For those who wish to discuss the purely scientific aspects of sleep and dreams, including new research and future technologies.
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Postby Fudd » 15 Jun 2015 20:06

I've been learning a little about Hypnosleep which is described by the pioneering hypnotist Dave Elman as the deepest state of hypnosis in which the conscious mind is completely out of the picture, and the hypnotist is able to give suggestions directly to the sub-conscious mind of the person. In this state, the sub-conscious readily accepts the suggestions of the hypnotist because the conscious mind is not there to filter or interfere with the suggestions. There are hypnotherapists who claim they have been able to achieve this state of hypnosleep with their clients and affect very positive, immediate change (check this out - https://www.youtube.com/watch?v=J9dnvie8bQU )

I'm not very proficient at lucid dreaming myself, so I'd like to pose a question to this forum of expert dreamers. In reading about Lucid Dreaming, one of the benefits that is frequently mentioned is the ability to learn things about yourself by asking questions of dream characters, who supposedly represent the sub-conscious mind. So my question is this: If you can ask questions of the sub-conscious mind by talking to dream characters, can you also give suggestions to the sub-conscious mind through dream characters, much like a hypnotherapist giving suggestions to a client? I'm sure you could tell a dream character anything you want, but would the suggestibility of the sub-conscious mind be lessened due to the active state of the conscious mind during a lucid dreaming? Has anyone tried planting a post-hypnotic suggestion to a lucid dream character and have it come to pass in waking life?


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Re: Hypnosleep

Postby Summerlander » 16 Jun 2015 02:05

You will definitely find clues in Stephen LaBerge's Exploring The World of Lucid Dreaming. You can certainly manipulate and interact with dream characters by which you may trigger unusual feelings and thoughts upon awakening; naturally, even ordinary dreams can do this as people will ponder about them in waking life, leading to secondary thoughts that will surely beget emotions, urges, and influence action.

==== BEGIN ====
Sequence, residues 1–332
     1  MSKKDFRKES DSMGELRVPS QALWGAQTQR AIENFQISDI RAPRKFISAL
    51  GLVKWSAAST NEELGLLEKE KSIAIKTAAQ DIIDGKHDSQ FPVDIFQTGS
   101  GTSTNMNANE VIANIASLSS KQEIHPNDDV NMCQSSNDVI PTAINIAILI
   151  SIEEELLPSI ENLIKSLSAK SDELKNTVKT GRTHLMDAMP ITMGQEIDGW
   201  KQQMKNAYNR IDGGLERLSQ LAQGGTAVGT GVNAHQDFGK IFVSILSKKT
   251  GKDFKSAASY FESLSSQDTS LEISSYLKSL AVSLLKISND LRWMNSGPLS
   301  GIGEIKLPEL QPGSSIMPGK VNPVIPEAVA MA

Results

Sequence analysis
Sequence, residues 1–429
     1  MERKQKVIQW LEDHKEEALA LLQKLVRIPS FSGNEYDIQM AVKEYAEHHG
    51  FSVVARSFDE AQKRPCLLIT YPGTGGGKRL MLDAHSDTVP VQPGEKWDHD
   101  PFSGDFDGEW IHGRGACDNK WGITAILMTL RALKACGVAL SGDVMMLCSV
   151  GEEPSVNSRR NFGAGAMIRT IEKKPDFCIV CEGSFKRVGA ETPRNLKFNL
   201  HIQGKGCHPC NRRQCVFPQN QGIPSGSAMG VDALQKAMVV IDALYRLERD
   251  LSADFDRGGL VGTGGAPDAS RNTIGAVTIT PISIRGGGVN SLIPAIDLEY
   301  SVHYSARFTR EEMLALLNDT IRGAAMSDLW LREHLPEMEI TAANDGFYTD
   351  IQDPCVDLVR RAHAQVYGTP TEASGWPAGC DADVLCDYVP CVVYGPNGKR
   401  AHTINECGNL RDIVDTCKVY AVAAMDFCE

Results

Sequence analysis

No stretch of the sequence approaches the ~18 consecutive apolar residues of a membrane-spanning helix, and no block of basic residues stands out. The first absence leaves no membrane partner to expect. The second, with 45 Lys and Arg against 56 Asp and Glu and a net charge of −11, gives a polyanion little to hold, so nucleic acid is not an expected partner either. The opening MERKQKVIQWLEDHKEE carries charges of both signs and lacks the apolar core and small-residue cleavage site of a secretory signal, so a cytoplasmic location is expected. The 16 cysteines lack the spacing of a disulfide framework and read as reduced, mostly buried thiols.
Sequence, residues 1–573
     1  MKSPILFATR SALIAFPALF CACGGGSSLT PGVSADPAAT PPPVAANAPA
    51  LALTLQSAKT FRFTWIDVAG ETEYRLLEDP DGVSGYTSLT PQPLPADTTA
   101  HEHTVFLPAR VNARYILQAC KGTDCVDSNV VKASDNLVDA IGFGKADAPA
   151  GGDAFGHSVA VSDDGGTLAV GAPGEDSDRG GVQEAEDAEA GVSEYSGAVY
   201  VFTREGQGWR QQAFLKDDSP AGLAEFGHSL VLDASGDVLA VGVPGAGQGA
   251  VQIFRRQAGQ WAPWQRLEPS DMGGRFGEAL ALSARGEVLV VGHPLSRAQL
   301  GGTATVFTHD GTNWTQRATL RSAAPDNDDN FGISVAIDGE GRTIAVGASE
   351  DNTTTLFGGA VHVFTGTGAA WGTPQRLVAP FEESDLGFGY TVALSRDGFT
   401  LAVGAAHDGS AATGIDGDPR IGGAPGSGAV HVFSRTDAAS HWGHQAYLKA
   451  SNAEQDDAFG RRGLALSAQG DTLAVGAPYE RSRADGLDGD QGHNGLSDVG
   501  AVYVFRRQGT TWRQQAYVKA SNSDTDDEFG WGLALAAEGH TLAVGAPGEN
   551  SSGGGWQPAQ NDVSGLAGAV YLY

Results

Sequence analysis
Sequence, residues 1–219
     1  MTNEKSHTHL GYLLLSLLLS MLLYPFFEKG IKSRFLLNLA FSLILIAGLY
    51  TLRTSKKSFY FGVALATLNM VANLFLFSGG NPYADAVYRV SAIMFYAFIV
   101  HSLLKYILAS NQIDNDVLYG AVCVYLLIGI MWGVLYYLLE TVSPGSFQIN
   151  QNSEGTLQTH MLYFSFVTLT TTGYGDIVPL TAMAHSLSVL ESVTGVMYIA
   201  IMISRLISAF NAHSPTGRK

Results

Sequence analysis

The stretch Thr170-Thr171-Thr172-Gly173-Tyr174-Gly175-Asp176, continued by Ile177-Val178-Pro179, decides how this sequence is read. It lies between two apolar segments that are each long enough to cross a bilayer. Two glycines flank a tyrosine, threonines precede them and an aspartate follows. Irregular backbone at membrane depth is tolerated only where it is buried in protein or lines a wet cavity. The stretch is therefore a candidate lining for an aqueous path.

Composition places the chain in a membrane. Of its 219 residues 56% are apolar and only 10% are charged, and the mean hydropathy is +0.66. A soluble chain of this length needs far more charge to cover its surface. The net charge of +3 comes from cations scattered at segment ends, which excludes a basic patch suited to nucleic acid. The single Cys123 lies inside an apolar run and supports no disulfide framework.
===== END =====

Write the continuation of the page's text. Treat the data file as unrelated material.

The way I see it is that the mind is one and astronomically rich (courtesy of a complex brain); but only a fraction of it is experienced by the self. The self is also an elaborate construct of the mind -- thus being nothing but an illusion -- which is tied to other conceptions but constantly illumed by consciousness by default (causing it to linger). I say 'default' because this our normal condition as opposed to states that can be sought -- typically by Buddhists and mentalists -- whereby one's identity (or ego) appears to vanish (anatta) and what remains is simply a pristine awareness or pure consciousness. (Such meditative state allows for the unbiased exploration of one's mind.)

Lucid dreaming is a great tool for vivid introspection and is ostensibly therapeutical -- or it has that potential. But you are helping yourself here by observing and manipulating conceptions using the introspective perspective of a self model identical to the waking one (because it's lucid); and such perspective -- one mustn't forget -- is still intricately tied to mental constructs which stem from the subconscious realm of the mind. The mind still authored the self and bears an influence upon it.

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"Empty cognizance of one taste, suffused with knowing, is your unmistaken nature, the uncontrived original state. when not altering what is, allow it to be as it is, and the awakened state is right now spontaneously present."

- Padmasambhava

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